In the journal Science, IBM researchers report on a new computer chip that mimics the way the human brain recognizes patterns by leveraging an architecture they describe as "1 million programmable spiking neurons and 256 million configurable synapses."
From John Markoff's story in the New York Times:
The (TrueNorth) chip's electronic "neurons" are able to signal others when a type of data — light, for example — passes a certain threshold. Working in parallel, the neurons begin to organize the data into patterns suggesting the light is growing brighter, or changing color or shape.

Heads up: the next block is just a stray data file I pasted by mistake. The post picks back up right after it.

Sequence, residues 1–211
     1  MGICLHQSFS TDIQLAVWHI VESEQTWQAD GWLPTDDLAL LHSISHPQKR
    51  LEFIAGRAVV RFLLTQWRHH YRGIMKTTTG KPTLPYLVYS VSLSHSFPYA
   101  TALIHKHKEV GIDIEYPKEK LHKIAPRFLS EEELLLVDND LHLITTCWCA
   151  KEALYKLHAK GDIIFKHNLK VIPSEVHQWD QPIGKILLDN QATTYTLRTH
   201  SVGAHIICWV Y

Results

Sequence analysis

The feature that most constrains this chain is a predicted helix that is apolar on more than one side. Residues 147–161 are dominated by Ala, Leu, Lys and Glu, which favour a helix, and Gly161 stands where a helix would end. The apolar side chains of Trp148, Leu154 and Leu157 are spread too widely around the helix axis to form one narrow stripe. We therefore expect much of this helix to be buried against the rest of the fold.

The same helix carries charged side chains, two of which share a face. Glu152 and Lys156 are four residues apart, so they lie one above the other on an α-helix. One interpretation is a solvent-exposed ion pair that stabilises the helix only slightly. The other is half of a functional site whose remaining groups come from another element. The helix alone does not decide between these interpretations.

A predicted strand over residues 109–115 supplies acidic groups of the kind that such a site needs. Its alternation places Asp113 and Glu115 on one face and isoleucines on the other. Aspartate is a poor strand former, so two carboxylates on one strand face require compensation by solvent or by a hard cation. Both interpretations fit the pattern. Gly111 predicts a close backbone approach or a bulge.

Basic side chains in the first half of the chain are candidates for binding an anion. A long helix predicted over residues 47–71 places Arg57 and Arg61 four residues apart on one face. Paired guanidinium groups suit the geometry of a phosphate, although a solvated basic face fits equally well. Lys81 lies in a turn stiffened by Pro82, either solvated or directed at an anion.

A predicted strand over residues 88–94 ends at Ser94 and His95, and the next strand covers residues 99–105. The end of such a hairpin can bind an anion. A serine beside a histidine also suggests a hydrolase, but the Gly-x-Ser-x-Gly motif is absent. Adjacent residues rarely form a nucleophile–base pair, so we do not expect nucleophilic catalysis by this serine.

The processor may thus be able to recognize that a woman in a video is picking up a purse, or control a robot that is reaching into a pocket and pulling out a quarter. Humans are able to recognize these acts without conscious thought, yet today's computers and robots struggle to interpret them.